Unfortunately, Webb's independent producing contract was for acting and directing as well. The handsome Pete Kelly's Blues features solid contributions from a fine cast and every technical department; it should have been the smash of 1955. But Webb is incredibly stiff as the loner bandleader Pete Kelly, killing scene after scene. After years of giving natural, winning performances in great films noir (Sunset Blvd,, Appointment with Danger), Webb locked himself into his perfectly deadly 'Dragnet' style. He often moves like a robot. Instead of acting he hits marks, turns his head and flashes the occasional predetermined smile. Watching the movie is a schizoid experience -- ignore Webb and it's a great picture in the Warner house style, dressed up in flashy period décor, CinemaScope and stereophonic sound.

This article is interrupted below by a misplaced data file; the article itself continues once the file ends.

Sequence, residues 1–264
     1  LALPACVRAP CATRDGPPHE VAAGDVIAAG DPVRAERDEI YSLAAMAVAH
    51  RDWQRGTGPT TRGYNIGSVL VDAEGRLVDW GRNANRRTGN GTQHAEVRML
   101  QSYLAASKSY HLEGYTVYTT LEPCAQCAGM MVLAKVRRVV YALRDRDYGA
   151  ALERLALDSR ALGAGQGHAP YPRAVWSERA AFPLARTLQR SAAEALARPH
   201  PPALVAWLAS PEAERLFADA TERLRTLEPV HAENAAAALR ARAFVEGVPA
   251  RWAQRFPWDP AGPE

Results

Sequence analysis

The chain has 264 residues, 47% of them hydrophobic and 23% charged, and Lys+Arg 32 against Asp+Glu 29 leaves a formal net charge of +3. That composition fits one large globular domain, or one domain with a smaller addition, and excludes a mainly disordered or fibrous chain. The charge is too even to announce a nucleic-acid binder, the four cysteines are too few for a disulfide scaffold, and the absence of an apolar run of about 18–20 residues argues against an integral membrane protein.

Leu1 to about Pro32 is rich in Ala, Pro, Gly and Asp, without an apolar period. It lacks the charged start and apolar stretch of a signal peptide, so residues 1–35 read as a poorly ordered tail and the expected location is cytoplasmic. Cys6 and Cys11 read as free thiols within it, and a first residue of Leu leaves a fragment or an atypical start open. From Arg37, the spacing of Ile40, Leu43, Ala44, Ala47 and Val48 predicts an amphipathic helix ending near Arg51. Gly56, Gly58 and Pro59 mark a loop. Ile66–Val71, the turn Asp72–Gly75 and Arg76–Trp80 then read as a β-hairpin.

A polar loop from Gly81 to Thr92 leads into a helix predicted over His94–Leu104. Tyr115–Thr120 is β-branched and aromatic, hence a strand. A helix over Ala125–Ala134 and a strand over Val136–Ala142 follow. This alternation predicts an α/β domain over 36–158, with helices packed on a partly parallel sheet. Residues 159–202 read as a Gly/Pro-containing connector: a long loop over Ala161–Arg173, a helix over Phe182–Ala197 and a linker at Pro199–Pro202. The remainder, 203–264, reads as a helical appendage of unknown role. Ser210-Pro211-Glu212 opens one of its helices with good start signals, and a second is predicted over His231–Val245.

It's Kansas City in the '20s. Pete Kelly (Jack Webb) and his Dixieland Jazz band the Big 7 are getting bookings, so Pete's socialite / flapper girlfriend Ivy Conrad (Janet Leigh) can't understand why he's balking at marriage. Then gangster Fran McCarg (Edmond O'Brien) takes over Kelly's management and forces him to work with a singer, Rose Hopkins (Peggy Lee). Fran's cruel treatment has turned Rose into a neurotic lush, and she often chokes up on stage. McCarg's presence also causes trouble with some of Pete's musicians, including Al Gannaway and Joey Firestone (Lee Marvin & Martin Milner). Some quit and one is murdered for speaking out against the crooks. Cornered, Pete decides to join forces with Federal cop George Tenell (Andy Devine) and fight back.